§ \ a .. '7‘ up. ' N. y‘aﬁ M,
Heralded by Sarah Hill ofAssembly Theatre as a ‘major initiative for dance and music in Scotland’, 3 creative dance residency for professionals is taking place in January 1992 directed by Belgium’s Wim Vandekeybus and Thierry de Mey. The directors are searching forsix choreographers, six composers and up to 28 dancers and musicians to participate in the course. Students and professionals of any dance style or any musical instrument, who are over sixteen, can apply. Sarah Hill, Residency Co-ordinator, explains that Vandekeybus is not
looking for people with a preconceived idea either about his work or the course. ‘Participants are not expected to reproduce his work,’ she says, ‘he’s bored with that. He is looking for ideas — he wants to be inspired. The locus of the course will be the relationship between dance and music and the creative process within and between the art forms.’
Vandekeybus and his company Ultima Vez were seen in Glasgow in 1989 and 90, shocking Scottish audiences with their immensely physical and daring theatre-dance. Thierry de Mey, percussionist and composer, is best known for his Rosas danst Rosas score for Anne-Teresa 0e Keersmaeker, and has collaborated with Vandekeybus since 1983. ‘What I really like isthat it’s real,’ says Hill. ‘What you’re seeing is real people, not people behaving in a dancerish sort of way, ortrying to be pretty‘.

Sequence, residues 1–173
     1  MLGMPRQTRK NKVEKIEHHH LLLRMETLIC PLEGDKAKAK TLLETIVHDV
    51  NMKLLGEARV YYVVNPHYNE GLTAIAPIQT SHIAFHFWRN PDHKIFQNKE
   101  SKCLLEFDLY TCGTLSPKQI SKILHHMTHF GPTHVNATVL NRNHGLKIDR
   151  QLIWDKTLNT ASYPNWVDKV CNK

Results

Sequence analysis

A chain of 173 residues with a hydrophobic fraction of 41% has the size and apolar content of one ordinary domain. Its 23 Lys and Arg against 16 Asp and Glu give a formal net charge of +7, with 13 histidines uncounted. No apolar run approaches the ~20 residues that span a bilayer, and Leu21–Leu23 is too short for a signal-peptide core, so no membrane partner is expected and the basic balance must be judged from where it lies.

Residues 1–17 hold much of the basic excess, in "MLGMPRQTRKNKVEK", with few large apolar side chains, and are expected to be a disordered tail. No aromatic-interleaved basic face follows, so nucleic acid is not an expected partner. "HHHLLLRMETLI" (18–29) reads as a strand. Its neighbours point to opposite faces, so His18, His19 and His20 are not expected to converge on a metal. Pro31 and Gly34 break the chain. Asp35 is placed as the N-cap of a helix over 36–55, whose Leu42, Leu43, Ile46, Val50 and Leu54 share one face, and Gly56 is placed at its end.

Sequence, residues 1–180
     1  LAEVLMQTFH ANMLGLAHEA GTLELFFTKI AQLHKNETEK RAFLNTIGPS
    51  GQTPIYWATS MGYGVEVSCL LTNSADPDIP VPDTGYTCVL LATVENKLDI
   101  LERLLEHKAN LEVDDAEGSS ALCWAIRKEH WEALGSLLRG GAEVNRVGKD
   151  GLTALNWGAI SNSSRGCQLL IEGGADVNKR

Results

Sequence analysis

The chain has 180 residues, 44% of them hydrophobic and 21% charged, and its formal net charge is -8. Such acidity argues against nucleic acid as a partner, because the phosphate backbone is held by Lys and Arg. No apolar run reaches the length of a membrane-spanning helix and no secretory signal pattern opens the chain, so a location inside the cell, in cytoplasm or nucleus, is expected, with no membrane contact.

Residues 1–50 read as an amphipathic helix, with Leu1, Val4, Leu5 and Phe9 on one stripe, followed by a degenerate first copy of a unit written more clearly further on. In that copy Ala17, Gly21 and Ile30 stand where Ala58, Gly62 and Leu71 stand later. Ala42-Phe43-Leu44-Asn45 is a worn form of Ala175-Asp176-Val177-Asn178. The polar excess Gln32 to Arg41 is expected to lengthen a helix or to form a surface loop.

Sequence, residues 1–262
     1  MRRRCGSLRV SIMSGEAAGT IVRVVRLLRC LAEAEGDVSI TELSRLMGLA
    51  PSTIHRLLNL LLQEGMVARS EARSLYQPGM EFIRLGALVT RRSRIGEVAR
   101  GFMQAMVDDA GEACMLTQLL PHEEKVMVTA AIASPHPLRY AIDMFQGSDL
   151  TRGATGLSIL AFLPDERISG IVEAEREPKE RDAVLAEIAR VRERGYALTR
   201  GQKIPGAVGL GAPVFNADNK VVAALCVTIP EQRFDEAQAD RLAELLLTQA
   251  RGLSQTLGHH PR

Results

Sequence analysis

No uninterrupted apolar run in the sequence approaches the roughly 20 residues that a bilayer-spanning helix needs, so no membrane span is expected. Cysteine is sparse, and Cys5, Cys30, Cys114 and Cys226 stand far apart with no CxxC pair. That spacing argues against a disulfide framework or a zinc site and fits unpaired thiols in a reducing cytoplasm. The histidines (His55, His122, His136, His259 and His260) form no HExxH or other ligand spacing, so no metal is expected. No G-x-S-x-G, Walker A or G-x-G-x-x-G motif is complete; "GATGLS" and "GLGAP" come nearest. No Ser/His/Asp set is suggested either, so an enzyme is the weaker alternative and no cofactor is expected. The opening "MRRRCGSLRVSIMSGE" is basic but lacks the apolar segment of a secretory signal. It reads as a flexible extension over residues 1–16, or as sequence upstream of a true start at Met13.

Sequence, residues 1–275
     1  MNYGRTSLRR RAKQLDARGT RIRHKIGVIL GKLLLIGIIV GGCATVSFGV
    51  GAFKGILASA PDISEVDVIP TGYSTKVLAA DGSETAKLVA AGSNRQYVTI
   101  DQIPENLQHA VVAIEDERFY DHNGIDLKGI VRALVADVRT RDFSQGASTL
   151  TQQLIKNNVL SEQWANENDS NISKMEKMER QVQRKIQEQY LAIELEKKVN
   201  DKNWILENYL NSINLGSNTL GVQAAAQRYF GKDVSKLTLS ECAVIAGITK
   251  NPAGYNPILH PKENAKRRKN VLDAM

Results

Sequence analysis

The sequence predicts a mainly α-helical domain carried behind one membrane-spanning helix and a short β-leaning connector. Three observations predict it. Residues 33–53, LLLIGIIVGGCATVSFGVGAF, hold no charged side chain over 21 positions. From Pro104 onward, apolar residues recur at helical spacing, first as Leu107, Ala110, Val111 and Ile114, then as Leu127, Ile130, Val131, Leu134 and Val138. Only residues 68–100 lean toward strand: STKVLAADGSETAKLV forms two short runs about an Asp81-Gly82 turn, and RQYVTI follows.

Hill, who has ‘a personal passion for
‘ dance’, sees the development of the
course as part of her Arts 2000 application. She has put Scotland forward as a candidate for the title of 1993 Yearof Dance, and the application has already been short-listed.
The deadline for course applications was officially Monday 9 September,
; but the date has been extended to
Saturday 14 September exclusively for readers of The List. (Tamsin Grainger)